April 23rd, 2008

Aquinas and Natural Virtue

I was thinking about Aquinas' theory of natural virtue.  He had the idea that reason, unaided by revelation, was perfectly adequate to construct a lot of ethical truth.
Aquinas thinks that some virtues are aimed at the limited human happiness achievable in this life through our natural capacities. He calls these "natural virtues" and follows Aristotle and Plato in his account of them.
Thomas Aquinas
    thought happiness a universal goal.

Without divine guidance,
    setting reason in the ruling role,

The mind defines virtue,
     building habits for a happy soul.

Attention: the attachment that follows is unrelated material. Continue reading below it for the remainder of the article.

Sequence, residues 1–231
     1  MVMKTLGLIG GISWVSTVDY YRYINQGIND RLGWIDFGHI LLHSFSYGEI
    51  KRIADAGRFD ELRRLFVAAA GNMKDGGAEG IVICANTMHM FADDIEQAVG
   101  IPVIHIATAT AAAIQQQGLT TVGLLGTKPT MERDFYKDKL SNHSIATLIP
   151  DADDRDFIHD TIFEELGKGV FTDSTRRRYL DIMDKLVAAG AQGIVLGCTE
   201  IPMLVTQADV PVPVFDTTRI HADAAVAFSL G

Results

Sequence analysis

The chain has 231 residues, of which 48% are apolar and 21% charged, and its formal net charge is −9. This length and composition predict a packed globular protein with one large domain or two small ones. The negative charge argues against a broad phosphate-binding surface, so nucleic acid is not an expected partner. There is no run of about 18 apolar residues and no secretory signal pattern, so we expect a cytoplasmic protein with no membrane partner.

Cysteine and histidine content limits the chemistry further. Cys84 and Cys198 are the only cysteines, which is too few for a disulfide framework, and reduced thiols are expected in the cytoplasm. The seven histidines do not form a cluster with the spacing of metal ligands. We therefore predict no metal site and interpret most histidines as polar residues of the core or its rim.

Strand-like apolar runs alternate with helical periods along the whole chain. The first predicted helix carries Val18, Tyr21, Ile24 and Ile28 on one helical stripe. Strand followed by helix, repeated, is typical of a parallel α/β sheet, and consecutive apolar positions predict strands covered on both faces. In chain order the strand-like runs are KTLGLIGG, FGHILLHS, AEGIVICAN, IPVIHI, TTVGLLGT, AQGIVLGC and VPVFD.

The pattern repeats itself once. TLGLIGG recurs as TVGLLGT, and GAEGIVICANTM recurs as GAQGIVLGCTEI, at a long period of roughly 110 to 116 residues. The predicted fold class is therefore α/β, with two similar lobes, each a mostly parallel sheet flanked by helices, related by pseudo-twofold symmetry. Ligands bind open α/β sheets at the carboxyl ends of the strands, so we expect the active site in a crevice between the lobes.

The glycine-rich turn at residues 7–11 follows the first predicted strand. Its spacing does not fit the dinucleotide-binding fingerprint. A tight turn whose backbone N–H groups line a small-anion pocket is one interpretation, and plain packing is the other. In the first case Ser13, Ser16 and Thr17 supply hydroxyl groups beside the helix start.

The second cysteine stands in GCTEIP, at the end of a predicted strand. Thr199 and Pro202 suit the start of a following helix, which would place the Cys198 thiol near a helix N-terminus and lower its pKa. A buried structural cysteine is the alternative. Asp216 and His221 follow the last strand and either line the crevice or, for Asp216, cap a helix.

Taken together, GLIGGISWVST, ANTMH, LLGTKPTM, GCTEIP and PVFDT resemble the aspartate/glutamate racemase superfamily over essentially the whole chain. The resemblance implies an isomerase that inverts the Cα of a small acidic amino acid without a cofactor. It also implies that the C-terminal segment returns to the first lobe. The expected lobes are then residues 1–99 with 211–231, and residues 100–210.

Not So Slight Philosophy

I'm very pleased to see that Liberty ran a rave review of Quee Nelson's book, The Slightest Philosophy.

The piece, by Warren Gibson, is titled "Expanding on Rand," and it's in the May 2008 issue.

I loved this paragraph of Gibson's review:
Now, self-publishing is the road taken by incompetents and idlers.  But a little page-flipping through "The Slightest Philosophy" suggests a well-organized work with lots of citations.  Then you settle down to read, and wonder of wonders: it's easy and pleasant.  You have in your hands  - well, let me just say it - a masterpiece.
There is something very catchy about the book.  I've even been thinking of reading it again.  I'm not sure I completely absorbed its lessons on my first breakneck tear through its pages.

What puzzles me in the book
is how clear she made things look.